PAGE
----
Professor Urska Velikonja at Emory has written an article that unpacks the enforcement statistics ("stats") annually issued by the Securities and Exchange Commission. The paper is here.
That a federal agency would have an incentive to develop a counting system that maximizes numbers is no surprise and I am guessing it is common. In truth, stats (and their constant increase) have little value except to reduce the inevitable criticism from SEC critics that would occur if the stats dropped.
Irrespective of how they are counted, the broader issue is whether the SEC should rely on stats as heavily as a measure of success. In truth, an effective approach to enforcement should involve a certain amount of investigation designed to “look around the corner” and find fraud or misbehavior before it becomes public. You want to find the Madoff’s before they are on the front page of the Wall Street Journal. This approach would, by definition, result in investigations that ended without cases being filed. Under the current system, they would not produce any stats.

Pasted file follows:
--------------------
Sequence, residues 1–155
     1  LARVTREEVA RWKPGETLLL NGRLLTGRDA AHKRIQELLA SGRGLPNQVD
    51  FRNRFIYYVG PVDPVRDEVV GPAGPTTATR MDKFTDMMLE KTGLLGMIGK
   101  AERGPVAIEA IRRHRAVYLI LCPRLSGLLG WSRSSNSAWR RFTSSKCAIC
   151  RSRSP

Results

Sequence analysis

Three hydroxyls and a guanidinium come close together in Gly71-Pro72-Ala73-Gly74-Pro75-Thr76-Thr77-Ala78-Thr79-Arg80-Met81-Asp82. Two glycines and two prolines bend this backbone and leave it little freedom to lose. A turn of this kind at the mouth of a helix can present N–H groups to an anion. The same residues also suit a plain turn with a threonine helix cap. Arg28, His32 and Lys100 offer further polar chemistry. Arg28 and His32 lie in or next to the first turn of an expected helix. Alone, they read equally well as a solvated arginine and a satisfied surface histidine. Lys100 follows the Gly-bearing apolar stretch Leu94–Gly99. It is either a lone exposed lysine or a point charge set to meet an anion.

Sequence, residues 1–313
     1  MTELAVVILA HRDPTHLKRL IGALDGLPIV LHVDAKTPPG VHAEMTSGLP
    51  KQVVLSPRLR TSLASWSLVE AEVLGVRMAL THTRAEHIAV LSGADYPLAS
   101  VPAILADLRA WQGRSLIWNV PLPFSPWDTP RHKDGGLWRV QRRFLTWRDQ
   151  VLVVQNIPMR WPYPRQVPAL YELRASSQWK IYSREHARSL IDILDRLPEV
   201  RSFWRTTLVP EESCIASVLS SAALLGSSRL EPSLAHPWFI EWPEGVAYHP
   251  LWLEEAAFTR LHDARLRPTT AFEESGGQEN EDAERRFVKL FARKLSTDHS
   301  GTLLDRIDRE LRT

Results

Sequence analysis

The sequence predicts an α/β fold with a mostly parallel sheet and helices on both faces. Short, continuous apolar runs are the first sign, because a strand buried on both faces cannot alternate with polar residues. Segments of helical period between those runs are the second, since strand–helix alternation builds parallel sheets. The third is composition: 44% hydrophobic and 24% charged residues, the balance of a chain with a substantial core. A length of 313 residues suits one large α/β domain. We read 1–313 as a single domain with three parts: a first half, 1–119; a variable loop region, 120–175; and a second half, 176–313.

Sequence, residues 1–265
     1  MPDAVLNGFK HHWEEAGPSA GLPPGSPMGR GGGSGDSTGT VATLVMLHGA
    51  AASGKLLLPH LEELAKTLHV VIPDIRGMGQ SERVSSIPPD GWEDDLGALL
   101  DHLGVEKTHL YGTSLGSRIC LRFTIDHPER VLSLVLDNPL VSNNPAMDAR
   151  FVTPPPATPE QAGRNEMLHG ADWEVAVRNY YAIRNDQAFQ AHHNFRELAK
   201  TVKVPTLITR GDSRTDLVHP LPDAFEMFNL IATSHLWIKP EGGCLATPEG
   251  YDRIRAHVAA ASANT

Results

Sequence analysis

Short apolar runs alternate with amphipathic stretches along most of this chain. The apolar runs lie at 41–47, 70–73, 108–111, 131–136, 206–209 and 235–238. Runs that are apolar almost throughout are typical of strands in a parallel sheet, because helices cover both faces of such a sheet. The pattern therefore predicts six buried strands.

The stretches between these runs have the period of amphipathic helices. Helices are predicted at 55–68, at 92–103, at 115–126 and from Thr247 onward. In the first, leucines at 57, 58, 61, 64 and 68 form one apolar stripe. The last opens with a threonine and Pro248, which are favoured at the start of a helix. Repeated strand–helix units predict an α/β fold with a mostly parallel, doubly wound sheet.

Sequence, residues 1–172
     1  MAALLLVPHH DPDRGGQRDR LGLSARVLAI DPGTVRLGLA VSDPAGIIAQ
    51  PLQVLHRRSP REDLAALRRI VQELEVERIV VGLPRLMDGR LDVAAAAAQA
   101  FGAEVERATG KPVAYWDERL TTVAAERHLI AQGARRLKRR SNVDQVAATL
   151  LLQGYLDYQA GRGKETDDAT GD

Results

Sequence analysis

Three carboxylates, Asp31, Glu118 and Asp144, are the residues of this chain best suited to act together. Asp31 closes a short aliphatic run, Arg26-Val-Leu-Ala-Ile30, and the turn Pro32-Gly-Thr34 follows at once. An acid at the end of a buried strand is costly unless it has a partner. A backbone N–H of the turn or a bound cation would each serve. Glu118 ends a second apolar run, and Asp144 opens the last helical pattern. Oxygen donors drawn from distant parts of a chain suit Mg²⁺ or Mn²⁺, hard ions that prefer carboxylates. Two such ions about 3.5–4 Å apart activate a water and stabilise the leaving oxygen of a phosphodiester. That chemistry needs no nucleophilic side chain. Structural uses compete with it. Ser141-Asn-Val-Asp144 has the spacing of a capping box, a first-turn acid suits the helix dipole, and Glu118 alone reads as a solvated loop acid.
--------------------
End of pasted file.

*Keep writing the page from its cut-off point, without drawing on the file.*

The SEC is presumably heading in this direction. Nonetheless, the agency is still under pressure to maintain stats. Hopefully the article will not just encourage a conversation on the best method of calculation but will also encourage a conversation on the need to reduce reliance on this metric as a measure of success.